Posts Tagged ‘pacman’

Pacman and cleaning out old packages

Tuesday, May 1st, 2012

Just found this out, and thought it may benefit someone else, so here you go :)

In my netbook install of Archlinux I was running out of disk space on / because the package cache (/var/cache/pacman/pkg/) was always filling up with old versions of packages. The reason for this obviously being that whenever I would upgrade a package, it wouldn’t be until next reboot I’d know if something was amiss or not, so pacman -Sc wasn’t really an option. And at next reboot, did I remember to run pacman -Sc? Of course not.

But, as it has been said before, and will be said again countless times: the arch wiki is fantastic!

Take for instance the pacman page, where it gives a hint that if you don’t really like pacman -Sc, you could try cacheclean (found in the AUR).

It takes at least one parameter, or, I guess, two at the most. The required one is a number, indicating how many previous versions you wish to keep. And on top of that you could add -p for preview, in which case it will only simulate removing the packages, and instead printing their names, so you have a chance to spot any mistake you might have made. With -v, cacheclean will perform the task, and tell you what it has done.

Since it will operate on /var/ you’ll need to execute it as root.

Simple as that. The only gotcha is that it is a python3 script, but since that is the standard in arch these days anyway, it shouldn’t make much of a difference anyhow.

:wq

rkhunter and pacman on arch

Tuesday, May 31st, 2011

I read a notice, or a post, somewhere the other week, and it planted a seed in my head, so today I installed chkrootkit and rkhunter.

chkrootkit revealed nothing of interest, while rkhunter did find potential problems.

At first I found it rather unsettling. rkhunter pointed at specific files which it obviously didn’t think should be there.

On my desktop that was /usr/lib/libtty.a which could be a part of a rootkit named “fuck `it“. Cleverly putting that grave accent in the name of the rootkit, the original authors have effectively made it impossible to search for (at least using Google).

Resisting the urge to panic and do something rash (like formatting the system) I instead booted up my netbook as well, installing rkhunter and executing it there as well.

The two installs are almost identical, and if anything, the netbook, at times operating outside my own network, should run a higher risk of getting infected with stuff (or so my reasoning goes anyway).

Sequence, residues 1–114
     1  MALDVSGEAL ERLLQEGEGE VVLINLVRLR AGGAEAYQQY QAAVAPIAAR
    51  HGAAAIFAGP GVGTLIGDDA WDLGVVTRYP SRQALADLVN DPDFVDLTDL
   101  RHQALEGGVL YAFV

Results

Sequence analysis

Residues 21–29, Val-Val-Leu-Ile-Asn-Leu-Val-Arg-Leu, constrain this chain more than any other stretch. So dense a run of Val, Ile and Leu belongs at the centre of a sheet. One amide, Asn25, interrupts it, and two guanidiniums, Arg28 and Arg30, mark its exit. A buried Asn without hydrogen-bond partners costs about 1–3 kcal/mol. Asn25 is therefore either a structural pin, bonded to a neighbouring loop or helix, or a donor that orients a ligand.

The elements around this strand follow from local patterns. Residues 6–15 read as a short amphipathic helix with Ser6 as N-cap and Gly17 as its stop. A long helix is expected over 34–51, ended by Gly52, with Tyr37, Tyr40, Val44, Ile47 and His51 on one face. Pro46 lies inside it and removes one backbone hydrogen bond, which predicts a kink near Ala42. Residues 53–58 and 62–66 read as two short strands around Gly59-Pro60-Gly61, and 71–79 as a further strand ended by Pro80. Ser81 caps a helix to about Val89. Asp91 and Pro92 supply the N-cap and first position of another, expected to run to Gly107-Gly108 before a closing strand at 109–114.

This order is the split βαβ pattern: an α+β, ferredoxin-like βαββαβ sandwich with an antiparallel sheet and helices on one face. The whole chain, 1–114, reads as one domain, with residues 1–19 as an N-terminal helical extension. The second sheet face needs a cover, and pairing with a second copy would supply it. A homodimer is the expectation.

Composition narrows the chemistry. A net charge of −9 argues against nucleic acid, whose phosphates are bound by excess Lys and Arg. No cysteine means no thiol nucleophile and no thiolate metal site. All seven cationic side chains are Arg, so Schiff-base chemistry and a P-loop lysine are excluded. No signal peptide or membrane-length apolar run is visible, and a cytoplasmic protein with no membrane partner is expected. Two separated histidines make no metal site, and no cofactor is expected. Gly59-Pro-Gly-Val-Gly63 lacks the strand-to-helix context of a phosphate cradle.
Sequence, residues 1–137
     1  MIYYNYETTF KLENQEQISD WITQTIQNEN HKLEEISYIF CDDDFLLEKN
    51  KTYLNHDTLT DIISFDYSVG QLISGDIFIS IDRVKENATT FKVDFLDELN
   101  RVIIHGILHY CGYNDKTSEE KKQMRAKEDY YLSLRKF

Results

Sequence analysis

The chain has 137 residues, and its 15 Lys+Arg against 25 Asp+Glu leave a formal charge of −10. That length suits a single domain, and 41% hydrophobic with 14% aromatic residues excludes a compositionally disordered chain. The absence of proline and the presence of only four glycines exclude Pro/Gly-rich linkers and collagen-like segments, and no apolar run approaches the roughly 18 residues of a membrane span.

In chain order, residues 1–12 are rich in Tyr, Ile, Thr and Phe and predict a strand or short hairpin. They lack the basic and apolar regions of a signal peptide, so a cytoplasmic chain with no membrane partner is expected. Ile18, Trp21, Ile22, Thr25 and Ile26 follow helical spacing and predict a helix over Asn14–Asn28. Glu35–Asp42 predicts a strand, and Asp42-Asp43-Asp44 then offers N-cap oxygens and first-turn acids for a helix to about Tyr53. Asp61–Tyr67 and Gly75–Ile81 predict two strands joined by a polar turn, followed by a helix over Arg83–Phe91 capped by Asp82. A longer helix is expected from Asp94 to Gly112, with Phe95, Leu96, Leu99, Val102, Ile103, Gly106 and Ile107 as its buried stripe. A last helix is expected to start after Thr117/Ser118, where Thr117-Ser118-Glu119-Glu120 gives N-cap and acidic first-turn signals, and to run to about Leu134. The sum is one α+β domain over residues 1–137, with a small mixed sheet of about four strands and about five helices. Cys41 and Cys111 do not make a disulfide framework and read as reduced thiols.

The report on my netbook came back with other things, mostly sshd configuration stuff, but sshd is never running on the netbook (I edited the config options anyway as they were reasonable and would protect the system if the ssh daemon was ever started on the netbook), an entry in /etc/rc.local (which I know I put there), and a hidden compressed man-page which rkhunter had reported on the desktop as well.

Back to libtty.a. the good news was that I could list it, it wasn’t hiding, well the file was one amonst a plethora of files in /usr/lib/ but having pinpointed it, it didn’t try to hide from me.

So my next thought was: “It must have come from somewhere.”

There are few things I have installed from source, so the most obvious place to look was towards packages installed from AUR.

Which means that I could ask pacman which package this file belonged to.

pacman -Qo /usr/lib/libtty.a revealed that the package it came from was termrec, a packaged I had installed because I at one time or another had an idea.

termrec is used to record and replay a terminal session, but I never got around to trying it out.

It is entirely possible that the behaviour of termrec is close enough to that of a malware to be identified as such, but once I realized the connection I was a lot calmer.

Then again, I haven’t used termrec, and have no reason to keep it around, so I uninstalled it, and with it, /usr/lib/libtty.a disappeared as well, so I don’t believe there ever was a threat.

As for the hidden, compressed man-page, it turned out to belong to krb5, so I am pretty sure that is harmless as well.

All in all, it was a pretty nice experience, especially the fact that I was mindful enough to keep cool :)

:wq